More about Liberty
Founding Father, John Dickinson's "The Liberty Song" is a pre-American Revolutionary War song with lyrics (not Plymouth's Mrs. Mercy Otis Warren, Massachusetts). The song is set on the tunes of "Heart of Oak," the United Kingdom's Royal Navy anthem. The song itself was first published on July 18, 1768, in the Boston Gazette. The song is notable in the thirteen colonies as one of the earliest patriotic songs. Dickinson's sixth chapter provides the earliest known expression which resembles the term "one we stand, divided we fall," a nationalist slogan that has circulated frequently throughout U.S. history. Also, the song is likely to be a variant of the traditional Irish song from which it often takes its tune, "Here's a Health." The Liberty Song ""lyrics also have the same structure. In 1770, the song's lyrics were updated to reflect the increasing tensions between England and the Colonies. This new version was released in the almanac of Bickerstaff, and the title was changed to "The Liberty Song of Massachusetts."
Here are 3 killer arrangements of Liberty for you to share with friends at your next jam. The Scruggs style arrangement will get you started learning slides, hammer-ons, and pull-offs. Once you’re feeling confident with that try your luck with the Melodic style solo, which will teach you how to play the melody for Liberty using up the neck scales. Finally, the Backup arrangement will show you how to play this song with others and sound like a pro doing it.
There are many Scruggs, melodic and bluesy licks in these three banjo Liberty tablatures, which can be used to personalize each arrangement into your liking. To change measure into different arrangement, just click on the "Original Measure" text above the measure and select a different lick. You can also click the "Shuffle licks" button at the bottom of the page to randomly change all of the licks in the tablature and create a wholly unique arrangement of this song.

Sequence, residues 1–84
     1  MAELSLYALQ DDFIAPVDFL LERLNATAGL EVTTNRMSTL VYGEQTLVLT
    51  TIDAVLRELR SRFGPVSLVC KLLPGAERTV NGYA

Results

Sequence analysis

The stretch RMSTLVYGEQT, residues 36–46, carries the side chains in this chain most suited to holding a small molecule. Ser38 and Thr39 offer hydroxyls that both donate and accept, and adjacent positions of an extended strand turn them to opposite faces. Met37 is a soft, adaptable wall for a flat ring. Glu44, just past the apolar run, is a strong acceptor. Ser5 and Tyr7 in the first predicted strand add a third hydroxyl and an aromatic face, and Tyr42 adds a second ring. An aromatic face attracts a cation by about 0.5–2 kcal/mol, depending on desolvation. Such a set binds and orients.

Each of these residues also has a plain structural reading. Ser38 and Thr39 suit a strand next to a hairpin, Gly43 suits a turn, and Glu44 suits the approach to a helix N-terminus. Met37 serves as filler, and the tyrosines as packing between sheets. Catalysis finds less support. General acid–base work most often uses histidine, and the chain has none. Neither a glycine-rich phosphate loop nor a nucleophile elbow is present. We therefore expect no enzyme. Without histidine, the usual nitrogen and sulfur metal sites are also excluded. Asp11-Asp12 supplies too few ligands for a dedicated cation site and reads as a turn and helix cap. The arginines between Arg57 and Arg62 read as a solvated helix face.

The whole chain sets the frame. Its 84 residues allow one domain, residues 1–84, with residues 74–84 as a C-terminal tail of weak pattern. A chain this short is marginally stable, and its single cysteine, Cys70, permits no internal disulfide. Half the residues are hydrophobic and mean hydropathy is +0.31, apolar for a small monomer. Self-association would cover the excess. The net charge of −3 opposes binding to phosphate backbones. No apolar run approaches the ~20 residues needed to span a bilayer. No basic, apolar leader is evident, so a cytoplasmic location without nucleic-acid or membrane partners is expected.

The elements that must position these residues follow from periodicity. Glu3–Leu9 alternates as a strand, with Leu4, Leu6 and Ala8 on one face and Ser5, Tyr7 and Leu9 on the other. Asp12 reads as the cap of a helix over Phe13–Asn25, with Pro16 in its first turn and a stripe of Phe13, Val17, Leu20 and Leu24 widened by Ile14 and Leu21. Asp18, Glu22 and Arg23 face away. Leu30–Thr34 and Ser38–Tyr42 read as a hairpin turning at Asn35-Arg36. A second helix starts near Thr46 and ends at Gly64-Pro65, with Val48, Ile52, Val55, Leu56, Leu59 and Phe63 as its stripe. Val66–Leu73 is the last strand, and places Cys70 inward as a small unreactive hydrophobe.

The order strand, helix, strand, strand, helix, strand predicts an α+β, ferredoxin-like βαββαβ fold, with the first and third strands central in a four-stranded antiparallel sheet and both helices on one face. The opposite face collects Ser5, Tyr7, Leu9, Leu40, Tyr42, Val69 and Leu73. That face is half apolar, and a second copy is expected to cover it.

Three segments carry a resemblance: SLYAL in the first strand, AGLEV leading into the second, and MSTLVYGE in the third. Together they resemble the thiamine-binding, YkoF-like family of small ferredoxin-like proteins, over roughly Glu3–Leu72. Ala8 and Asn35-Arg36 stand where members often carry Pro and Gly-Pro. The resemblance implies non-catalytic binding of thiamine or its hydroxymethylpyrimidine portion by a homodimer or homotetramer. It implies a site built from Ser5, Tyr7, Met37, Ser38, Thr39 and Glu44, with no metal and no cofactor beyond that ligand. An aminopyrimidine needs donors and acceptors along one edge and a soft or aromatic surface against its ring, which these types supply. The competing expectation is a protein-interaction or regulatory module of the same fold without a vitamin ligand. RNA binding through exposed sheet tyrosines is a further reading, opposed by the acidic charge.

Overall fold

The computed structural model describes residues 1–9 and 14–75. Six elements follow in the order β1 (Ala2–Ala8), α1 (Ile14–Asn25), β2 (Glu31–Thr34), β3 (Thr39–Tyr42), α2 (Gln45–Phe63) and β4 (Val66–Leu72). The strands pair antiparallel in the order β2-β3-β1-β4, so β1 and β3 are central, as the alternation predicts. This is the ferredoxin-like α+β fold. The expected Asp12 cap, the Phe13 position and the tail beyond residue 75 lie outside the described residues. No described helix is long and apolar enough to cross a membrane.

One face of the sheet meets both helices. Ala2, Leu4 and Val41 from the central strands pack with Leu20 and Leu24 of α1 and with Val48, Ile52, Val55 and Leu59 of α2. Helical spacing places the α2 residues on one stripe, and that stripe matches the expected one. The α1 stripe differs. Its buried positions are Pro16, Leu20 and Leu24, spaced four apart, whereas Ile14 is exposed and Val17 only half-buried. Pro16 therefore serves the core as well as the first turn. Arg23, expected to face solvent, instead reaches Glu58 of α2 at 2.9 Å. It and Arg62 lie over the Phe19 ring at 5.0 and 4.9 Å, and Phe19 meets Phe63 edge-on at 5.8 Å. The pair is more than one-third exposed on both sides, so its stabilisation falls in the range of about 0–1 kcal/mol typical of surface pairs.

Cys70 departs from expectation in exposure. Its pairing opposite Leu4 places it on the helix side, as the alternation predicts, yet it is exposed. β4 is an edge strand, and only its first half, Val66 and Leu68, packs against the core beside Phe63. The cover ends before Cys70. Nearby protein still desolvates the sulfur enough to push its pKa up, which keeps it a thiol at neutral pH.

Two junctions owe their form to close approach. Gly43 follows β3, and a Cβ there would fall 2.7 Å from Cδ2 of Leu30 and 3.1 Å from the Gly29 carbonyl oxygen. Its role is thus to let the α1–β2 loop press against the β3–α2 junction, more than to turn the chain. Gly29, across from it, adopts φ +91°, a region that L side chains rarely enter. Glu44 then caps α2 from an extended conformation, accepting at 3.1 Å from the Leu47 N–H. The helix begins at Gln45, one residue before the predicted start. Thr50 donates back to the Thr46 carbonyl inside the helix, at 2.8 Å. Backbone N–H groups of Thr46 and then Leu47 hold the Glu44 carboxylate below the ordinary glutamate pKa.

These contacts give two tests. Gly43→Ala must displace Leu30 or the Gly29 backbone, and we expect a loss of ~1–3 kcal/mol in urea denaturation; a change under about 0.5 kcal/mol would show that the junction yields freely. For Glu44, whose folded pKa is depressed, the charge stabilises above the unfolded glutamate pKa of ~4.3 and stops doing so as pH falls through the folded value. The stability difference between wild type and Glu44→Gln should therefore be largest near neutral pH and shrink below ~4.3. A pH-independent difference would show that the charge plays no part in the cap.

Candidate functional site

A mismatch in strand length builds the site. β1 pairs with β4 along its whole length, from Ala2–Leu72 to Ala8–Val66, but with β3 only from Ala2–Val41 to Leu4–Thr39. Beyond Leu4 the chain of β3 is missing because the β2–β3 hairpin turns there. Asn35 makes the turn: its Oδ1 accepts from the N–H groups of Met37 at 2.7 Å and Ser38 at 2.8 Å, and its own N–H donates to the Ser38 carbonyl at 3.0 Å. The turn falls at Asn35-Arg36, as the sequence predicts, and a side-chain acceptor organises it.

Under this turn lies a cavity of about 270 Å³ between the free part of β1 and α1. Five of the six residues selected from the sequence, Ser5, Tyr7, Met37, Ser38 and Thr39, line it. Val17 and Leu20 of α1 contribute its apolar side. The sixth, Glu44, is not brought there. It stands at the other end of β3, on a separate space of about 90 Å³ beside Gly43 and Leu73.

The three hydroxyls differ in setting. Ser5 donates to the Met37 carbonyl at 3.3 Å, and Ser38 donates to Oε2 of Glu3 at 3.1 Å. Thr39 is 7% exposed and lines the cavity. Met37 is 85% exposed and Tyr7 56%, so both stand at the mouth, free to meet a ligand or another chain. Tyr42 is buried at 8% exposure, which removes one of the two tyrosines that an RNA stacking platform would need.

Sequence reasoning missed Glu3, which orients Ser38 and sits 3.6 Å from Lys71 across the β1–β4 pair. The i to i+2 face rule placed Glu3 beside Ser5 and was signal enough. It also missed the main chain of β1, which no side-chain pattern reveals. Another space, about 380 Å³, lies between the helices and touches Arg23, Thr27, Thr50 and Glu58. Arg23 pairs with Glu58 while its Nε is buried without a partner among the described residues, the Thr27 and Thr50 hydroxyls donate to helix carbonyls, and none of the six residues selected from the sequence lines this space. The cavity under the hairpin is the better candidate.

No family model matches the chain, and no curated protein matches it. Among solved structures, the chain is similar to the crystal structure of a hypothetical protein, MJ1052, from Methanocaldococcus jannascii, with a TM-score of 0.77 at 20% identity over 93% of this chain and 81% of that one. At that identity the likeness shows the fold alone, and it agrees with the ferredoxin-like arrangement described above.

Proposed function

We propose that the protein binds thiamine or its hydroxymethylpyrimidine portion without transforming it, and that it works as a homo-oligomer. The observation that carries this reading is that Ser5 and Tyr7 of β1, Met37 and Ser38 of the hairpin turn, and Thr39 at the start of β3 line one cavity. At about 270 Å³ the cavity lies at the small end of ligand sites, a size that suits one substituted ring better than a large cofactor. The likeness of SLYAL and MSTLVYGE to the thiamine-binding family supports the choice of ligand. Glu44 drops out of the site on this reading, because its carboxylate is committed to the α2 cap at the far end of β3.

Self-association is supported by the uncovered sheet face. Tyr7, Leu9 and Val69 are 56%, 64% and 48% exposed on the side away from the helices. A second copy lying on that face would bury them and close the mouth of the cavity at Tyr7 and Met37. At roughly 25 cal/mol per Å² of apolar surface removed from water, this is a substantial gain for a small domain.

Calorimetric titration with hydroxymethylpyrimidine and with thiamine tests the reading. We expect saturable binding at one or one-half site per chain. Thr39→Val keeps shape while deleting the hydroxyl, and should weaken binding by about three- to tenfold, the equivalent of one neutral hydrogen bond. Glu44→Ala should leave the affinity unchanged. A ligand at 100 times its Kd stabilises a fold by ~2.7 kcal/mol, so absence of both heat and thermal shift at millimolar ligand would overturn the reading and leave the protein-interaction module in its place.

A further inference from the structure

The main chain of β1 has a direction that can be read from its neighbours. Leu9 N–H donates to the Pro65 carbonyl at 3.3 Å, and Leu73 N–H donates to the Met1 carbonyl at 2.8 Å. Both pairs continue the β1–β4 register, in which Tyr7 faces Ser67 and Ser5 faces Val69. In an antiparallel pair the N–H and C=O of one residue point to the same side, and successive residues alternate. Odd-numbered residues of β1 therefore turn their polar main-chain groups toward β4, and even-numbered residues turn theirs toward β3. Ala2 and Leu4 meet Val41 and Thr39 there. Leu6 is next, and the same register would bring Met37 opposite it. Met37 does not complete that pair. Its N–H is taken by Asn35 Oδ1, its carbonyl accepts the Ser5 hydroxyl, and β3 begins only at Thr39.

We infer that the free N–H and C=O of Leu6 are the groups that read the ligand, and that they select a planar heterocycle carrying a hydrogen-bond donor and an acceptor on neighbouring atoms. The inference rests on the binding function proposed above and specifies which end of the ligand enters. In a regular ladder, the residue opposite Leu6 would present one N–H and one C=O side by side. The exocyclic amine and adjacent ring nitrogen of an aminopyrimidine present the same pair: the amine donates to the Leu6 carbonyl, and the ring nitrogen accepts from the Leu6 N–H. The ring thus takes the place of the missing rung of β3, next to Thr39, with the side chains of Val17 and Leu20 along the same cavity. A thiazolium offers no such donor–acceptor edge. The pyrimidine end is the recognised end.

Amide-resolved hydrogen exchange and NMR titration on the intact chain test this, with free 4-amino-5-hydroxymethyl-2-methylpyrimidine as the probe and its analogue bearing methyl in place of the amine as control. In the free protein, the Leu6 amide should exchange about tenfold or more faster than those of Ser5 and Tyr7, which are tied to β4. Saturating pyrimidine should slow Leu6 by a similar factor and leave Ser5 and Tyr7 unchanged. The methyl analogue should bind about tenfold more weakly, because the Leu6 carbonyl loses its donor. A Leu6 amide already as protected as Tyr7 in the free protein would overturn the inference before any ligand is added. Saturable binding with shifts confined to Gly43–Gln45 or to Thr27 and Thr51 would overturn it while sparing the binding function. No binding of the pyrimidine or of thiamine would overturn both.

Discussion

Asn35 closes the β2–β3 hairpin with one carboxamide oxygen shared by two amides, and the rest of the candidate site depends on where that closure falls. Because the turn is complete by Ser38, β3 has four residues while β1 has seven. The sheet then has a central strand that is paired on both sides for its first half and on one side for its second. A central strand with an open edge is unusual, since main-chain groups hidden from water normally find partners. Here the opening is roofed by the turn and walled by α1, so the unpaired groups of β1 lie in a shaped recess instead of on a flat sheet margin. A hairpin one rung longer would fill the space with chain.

There are a number of fantastic learning tools in Tunefox to help you memorize, learn by ear, and improve your speed. These special features are found in the "Tools" menu at the bottom right of your screen. The "Hide Notes" tool will hide a number of the notes in the tab so you can use your ears to learn parts of the melody of the Liberty. Next, try out the "Memory Train" tool, which will hide more and more notes each time the song or measure loops. This will help get you off of the tab you’ve been working with so you can play it by memory. The "Speed Up" feature gradually speeds up the song so you can hone your technique and challenge yourself to go faster.
Use the Tunefox backing tracks to practice the solo you’re working on or improvising over the chord changes for Liberty. The backing tracks are recorded samples of real instruments to help simulate practicing with an actual band. You can adjust the volume of the instrument, band, and metronome to your liking.
Once you’ve settled on an arrangement of Liberty using the Lick Switcher, export your arrangement to a PDF file so you can print it out and take it with you. This is a member-only feature.